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    Obama Announces Additional Sanctions on Russians Involved in Crimea

    U.S. President Barack Obama has announced new sanctions against Russia for its annexation of Crimea.

    Speaking in the White House Rose Garden, the president said he is imposing sanctions on more individuals and a bank involved in Russia's occupation of the Black Sea peninsula. Earlier the United States placed sanctions limiting travel and economic activity on several people involved in the Kremlin's actions against Ukraine.

    The president also said he is considering expanding sanctions further, to apply to sectors of the Russian economy in addition to specific individuals.

    Mr. Obama said he is deeply concerned about the situation in Crimea and is working with European allies to formulate a response to the Russian actions.

    In response, Russia's Foreign Ministry announced Thursday it was imposing sanctions, including travel bans, on nine U.S. officials, among them Republican Senator John McCain and Democratic Senator Harry Reid.

    European leaders, who were meeting in Brussels to discuss the crisis, were also expected to add names to the list of 21 Russian and Crimean officials the European Union has already targeted for travel bans and asset freezes.



    German Chancellor Angela Merkel told her nation's parliament Thursday if the situation worsens, the European Union is prepared to move to "Level 3" measures, which would include broader economic sanctions.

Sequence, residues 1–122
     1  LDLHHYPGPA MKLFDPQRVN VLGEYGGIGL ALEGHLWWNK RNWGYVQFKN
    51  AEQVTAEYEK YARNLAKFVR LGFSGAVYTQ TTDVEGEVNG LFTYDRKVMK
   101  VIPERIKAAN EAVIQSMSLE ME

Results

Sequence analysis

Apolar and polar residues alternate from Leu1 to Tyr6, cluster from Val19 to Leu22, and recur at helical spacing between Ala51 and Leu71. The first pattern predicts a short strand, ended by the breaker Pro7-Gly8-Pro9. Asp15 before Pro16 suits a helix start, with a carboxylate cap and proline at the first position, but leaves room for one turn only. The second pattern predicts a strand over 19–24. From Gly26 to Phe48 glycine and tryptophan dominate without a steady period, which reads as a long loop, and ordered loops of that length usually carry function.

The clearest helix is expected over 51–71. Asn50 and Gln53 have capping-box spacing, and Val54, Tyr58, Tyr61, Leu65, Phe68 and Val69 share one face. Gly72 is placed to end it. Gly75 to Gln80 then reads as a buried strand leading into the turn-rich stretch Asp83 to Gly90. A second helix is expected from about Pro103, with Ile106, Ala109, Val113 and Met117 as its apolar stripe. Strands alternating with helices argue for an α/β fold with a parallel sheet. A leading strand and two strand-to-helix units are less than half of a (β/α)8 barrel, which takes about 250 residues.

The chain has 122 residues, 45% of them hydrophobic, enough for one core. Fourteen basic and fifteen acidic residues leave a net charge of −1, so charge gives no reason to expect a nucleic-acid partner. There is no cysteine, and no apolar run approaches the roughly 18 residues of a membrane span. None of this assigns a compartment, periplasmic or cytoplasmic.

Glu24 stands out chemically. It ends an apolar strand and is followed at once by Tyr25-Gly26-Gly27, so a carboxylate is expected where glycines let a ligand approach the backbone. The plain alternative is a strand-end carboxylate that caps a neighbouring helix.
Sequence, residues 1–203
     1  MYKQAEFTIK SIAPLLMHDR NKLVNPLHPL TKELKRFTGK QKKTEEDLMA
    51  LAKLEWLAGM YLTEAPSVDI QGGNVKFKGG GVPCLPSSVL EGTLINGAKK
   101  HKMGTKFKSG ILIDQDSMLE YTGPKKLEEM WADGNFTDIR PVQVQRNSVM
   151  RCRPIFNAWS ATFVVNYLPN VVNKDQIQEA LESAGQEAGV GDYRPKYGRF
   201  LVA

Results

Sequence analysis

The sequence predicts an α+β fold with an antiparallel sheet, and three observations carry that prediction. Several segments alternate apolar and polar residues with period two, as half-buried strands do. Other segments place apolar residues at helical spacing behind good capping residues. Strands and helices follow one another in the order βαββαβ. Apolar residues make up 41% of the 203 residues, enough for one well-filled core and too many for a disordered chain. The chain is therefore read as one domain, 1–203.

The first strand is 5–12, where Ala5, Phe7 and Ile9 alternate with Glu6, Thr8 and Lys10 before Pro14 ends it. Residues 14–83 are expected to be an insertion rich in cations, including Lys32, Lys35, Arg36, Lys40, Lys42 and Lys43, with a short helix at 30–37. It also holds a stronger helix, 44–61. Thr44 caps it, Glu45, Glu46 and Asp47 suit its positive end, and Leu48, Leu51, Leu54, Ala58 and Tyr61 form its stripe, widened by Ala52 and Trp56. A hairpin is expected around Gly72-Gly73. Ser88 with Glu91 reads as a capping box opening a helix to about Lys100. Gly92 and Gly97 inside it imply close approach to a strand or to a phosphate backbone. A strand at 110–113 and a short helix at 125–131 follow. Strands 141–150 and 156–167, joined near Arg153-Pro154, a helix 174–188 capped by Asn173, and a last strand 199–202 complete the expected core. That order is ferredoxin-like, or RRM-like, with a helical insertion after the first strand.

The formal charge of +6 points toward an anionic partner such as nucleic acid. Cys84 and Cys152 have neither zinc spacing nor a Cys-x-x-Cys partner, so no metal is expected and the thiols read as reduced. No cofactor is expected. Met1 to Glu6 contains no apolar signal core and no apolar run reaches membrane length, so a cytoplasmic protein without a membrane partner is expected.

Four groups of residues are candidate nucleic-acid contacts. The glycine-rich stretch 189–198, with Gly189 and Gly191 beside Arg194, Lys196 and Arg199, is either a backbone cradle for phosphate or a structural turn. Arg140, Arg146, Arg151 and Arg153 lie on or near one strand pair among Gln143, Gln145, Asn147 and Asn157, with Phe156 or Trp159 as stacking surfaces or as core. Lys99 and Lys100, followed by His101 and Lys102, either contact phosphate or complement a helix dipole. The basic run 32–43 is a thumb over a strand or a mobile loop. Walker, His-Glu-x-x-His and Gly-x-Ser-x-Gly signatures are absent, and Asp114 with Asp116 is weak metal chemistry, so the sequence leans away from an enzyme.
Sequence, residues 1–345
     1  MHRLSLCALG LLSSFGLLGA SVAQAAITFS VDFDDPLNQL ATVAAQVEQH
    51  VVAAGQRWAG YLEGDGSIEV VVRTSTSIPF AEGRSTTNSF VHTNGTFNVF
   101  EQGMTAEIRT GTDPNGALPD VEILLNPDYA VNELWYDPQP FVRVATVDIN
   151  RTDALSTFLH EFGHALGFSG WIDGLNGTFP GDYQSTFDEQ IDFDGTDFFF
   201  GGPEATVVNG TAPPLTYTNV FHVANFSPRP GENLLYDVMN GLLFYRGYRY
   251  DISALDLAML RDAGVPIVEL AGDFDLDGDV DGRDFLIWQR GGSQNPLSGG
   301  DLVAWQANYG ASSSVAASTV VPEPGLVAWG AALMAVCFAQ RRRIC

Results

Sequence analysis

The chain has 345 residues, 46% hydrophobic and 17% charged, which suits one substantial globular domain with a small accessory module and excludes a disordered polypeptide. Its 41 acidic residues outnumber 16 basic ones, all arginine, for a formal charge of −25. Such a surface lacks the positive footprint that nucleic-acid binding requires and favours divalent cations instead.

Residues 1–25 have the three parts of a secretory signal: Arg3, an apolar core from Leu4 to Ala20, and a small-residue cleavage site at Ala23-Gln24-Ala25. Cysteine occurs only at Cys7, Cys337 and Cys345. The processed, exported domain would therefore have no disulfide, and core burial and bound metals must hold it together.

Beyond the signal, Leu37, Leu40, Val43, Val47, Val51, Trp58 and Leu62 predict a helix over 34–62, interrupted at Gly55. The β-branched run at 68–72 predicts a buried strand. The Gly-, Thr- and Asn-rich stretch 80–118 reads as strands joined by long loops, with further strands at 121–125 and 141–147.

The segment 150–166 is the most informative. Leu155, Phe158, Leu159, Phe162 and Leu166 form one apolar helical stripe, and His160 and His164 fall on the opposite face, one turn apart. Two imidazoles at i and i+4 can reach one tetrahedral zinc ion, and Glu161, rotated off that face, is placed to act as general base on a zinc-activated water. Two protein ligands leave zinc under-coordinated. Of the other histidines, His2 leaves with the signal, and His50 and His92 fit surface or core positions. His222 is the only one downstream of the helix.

Chancellor Merkel said the Group of Eight forum of leading economies is effectively suspended as long as the diplomatic standoff with Russia continues. Russia is part of the G8, along with Britain, Canada, France, Germany, Italy, Japan and the United States.

    Russian forces effectively took control of Crimea two weeks ago in the wake of the ouster of Ukraine's pro-Russian president, Viktor Yanukovych, after months of protests and sporadic violence.

    The U.S. Treasury Department on Thursday named Russian government officials and what it called "members of the inner circle," 16 people in all, who are being targeted for sanctions.

    The list includes Sergei Naryshkin, speaker of the State Duma, the lower house of Russia's parliament; Sergei Ivanov, Mr. Putin's chief of staff; and Vladimir Yakunin, head of the state-owned company Russian Railways, described as a "close confidant" of the Russian president.

    Also on the list is Gennady Timchenko, a founder of Gunvor, one the world's largest independent commodity trading companies in the energy sector.

    In 2007, Russian political expert Stanislav Belkovsky, citing Kremlin sources, told Britain's Guardian newspaper that Mr. Putin "effectively" controlled significant chunks of some of Russia largest energy companies, and at least 75 percent of Gunvor, a claim that Gunvor denied.

    Belkovsky claimed Mr. Putin was worth "at least" $40 billion.

    The U.S. Treasury's list of those targeted for sanctions also includes Yuri Kovalchuk, whom it described as the largest single shareholder in Bank Rossiya and "the personal banker" for senior Russian officials

    Bank Rossiya itself is also on the sanctions list.

    Earlier this week, Washington imposed sanctions on seven Russian officials, including an aide and an adviser to Mr. Putin (Vladislav Surkov and Sergei Glazyev).

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